Norham Castle

Norham Castle

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ALISON H
Harrogate, UK611 contributions
sept. 2021
Norham Castle owes much of its fame to its connection to Turner , who painted several aspects of it . It's also an impressive relic of border history which featured in many attempts to keep the alien Scots at bay ( will it be restored if Scotland achieves its independence again ? ) You can simply enjoy it as a vast open space with some of its important features still standing . It's free for everyone , and in the care of English Heritage . There are plenty of explanations about its history and construction dotted around . There is plenty of off road car-parking at a short distance from the entrance to the site .
Écrit le 26 octobre 2021
Cet avis est l'opinion subjective d'un membre de Tripadvisor et non l'avis de TripAdvisor LLC.

Lincsman
N.E.Lincs263 contributions
sept. 2021
Norham castle appears in several paintings by Turner. The castle is at the edge of the village. There are information boards dotted around this free to enter English Heritage site. Well worth a visit.
Écrit le 10 octobre 2021
Cet avis est l'opinion subjective d'un membre de Tripadvisor et non l'avis de TripAdvisor LLC.

Simon W
Asfordby, UK108 contributions
sept. 2021
The site is free to enter. Good explanations on the English Heritage boards. Only a short walk outside Norham.
Écrit le 4 octobre 2021
Cet avis est l'opinion subjective d'un membre de Tripadvisor et non l'avis de TripAdvisor LLC.

Carol B
Birmingham, UK5 082 contributions
août 2021
Wednesday 25th August 2021, my husband and I decided to go to Norham, to visit Norham Castle under the care of the English Heritage, which has a fascinating and turbulent history.

For 450 years Norham Castle, first built in the 12th century, was one of the great English strongholds along the River Tweed, a barrier against the Scots. The Scots besieged it nine times, capturing it on four occasions. The remains of the impressive great tower still reveal signs of many building phases between the 12th and 16th centuries.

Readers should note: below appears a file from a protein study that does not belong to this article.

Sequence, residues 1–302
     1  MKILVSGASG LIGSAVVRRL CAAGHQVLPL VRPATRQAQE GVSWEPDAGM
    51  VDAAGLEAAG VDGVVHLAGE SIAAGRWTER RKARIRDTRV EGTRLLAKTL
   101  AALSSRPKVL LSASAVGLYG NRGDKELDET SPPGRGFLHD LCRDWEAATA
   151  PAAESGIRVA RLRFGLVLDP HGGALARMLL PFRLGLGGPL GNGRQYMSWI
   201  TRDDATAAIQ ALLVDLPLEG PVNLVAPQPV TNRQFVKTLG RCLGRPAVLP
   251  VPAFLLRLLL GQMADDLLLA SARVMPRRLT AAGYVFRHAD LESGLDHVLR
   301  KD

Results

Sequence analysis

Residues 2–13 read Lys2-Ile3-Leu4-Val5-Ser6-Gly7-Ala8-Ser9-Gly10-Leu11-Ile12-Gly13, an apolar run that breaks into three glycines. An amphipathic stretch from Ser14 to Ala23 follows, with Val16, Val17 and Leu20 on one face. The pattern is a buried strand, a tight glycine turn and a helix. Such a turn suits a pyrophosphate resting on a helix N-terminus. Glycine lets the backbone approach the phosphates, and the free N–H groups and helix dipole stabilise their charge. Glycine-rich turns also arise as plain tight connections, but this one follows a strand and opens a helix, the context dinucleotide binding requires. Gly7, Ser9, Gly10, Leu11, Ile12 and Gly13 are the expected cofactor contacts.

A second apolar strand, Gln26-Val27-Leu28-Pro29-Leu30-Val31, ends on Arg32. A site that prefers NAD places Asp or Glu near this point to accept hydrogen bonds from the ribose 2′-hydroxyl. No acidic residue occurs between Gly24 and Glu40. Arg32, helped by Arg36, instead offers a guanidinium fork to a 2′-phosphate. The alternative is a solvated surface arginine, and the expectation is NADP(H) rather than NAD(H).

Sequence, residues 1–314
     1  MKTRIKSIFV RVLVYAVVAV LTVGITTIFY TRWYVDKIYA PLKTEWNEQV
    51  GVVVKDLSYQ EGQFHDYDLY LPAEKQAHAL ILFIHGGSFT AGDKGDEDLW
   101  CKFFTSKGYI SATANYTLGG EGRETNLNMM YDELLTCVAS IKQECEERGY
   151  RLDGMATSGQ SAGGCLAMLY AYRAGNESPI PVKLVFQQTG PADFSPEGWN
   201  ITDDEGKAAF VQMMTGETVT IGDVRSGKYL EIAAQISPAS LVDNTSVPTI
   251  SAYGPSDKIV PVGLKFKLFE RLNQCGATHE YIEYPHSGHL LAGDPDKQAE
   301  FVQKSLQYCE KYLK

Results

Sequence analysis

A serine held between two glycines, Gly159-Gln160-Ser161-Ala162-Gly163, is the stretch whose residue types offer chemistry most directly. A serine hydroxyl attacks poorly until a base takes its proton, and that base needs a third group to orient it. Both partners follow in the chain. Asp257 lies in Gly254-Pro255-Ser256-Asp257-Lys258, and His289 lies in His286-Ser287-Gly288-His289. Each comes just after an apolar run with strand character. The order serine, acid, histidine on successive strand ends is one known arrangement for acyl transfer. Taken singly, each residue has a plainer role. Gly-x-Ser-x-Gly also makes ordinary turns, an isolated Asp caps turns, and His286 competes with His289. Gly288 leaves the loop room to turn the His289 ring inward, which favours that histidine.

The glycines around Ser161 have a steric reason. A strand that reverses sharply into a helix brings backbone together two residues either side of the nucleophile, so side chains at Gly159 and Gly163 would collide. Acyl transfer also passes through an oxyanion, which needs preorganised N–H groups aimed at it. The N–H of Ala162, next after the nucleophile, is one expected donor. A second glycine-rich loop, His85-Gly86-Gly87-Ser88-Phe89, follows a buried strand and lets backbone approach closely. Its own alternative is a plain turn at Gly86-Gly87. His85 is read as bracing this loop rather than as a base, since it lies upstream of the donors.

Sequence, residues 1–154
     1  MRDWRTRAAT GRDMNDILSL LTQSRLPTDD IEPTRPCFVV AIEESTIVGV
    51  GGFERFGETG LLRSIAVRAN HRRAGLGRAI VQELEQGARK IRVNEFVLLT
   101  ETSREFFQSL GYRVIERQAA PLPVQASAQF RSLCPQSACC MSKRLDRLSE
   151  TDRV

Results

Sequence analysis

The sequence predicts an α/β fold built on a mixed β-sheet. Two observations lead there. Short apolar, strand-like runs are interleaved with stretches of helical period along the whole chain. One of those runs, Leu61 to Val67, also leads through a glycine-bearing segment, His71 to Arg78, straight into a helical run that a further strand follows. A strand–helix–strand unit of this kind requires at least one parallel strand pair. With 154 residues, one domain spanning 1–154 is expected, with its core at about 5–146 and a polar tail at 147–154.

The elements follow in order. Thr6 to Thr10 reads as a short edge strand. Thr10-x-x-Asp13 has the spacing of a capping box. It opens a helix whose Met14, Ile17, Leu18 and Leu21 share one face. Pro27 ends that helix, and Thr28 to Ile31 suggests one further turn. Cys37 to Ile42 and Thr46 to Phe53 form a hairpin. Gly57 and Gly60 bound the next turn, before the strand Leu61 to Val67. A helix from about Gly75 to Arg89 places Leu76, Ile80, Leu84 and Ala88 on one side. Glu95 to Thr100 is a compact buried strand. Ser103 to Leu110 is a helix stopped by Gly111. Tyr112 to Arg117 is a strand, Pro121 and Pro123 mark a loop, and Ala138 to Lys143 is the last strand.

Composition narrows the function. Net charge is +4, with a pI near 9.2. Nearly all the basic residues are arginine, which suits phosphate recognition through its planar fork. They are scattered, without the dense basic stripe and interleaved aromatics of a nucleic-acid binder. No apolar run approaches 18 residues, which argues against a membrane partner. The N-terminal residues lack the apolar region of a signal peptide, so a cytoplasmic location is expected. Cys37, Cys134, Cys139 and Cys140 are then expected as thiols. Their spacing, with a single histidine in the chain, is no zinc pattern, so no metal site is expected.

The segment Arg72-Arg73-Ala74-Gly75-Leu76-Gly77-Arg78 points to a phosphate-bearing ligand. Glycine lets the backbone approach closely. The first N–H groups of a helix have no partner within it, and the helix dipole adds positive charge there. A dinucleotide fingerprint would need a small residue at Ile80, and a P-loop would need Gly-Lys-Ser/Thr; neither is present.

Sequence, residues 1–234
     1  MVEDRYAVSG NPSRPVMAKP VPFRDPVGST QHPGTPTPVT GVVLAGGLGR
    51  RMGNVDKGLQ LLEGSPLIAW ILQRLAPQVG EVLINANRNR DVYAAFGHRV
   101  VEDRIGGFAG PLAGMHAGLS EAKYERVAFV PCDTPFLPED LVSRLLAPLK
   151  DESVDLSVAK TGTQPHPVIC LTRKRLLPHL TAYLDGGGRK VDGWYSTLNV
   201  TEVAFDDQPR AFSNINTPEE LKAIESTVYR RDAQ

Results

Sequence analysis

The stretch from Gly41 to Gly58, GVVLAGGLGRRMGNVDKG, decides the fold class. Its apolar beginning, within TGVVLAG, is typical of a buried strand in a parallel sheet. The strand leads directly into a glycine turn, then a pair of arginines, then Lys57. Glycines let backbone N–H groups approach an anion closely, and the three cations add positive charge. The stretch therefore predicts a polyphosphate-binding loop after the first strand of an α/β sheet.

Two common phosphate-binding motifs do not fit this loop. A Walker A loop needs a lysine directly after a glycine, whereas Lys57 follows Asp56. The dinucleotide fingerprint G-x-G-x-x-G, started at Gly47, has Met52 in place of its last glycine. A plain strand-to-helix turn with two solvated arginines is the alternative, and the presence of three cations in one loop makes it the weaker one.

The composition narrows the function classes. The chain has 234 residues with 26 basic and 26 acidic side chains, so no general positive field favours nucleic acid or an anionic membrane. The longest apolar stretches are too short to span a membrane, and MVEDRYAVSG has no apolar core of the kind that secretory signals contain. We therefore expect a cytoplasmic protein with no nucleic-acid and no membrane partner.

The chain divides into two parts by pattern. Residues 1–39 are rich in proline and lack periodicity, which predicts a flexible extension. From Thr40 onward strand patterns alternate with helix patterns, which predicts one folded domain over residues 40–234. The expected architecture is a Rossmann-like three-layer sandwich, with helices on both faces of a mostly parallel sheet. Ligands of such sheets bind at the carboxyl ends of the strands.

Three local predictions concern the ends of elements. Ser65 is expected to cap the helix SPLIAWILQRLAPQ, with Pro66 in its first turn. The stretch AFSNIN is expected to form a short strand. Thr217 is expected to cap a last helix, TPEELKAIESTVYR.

Norham’s founder was Ranulph Flambard, Bishop of Durham from 1099 until 1128. In the medieval period the Bishops of Durham enjoyed near-kingly powers, in return for enforcing order along the English–Scottish border.

The region could be wild and lawless, and sometimes erupted into open conflict. In wartime Norham’s English garrison defended the Tweed fords, an easy crossing point into England. Together with the nearby castles of Berwick and Wark, Norham was an essential part of the defences of the eastern border.

The importance of Norham was illustrated when Henry II ordered Hugh du Puiset, who became Bishop of Durham in 1153, to rebuild the castle. This Bishop Puiset did this on a grand scale, erecting the great tower on the site of Flambard’s original two-storey hall to provide high-status accommodation.

Between 1208 and 1212 King John also spent large sums on the castle. Its strength was demonstrated in 1215 when Alexander II of Scotland besieged Norham for 40 days, but failed to take it. Peace between England and Scotland was signed at Norham in 1219, and lasted along the border for most of the 13th century.

The most noteworthy event in Norham’s history took place in May 1291, when Bishop Anthony Beck entertained Edward I and his advisers at the castle while the king arbitrated between 13 competitors for the Scottish throne (a process known as the Great Cause).

Judgment was made in favour of John Baliol in 1292 at Berwick Castle, and three days later Baliol paid homage to Edward in the hall at Norham.

Edward I’s subsequent claims of overlordship over Scotland precipitated prolonged warfare in the borders. The Scots besieged Norham unsuccessfully in 1318, 1319 and 1322, and eventually took it in 1327, but it was restored to the bishop the following year.

Thereafter, Norham benefited from a period of relative peace, before it was besieged by James IV of Scotland in 1497 in support of Perkin Warbeck, a pretender to the English throne. The castle resisted attack for two weeks before an English army relieved it.

Much more significant damage was done in 1513 when James IV invaded with a large army, and this time captured Norham after a short siege. In less than three weeks Norham was restored to the Bishop of Durham after the English defeated the Scots at the Battle of Flodden nearby. But the ferocious Scots bombardment had resulted in great damage.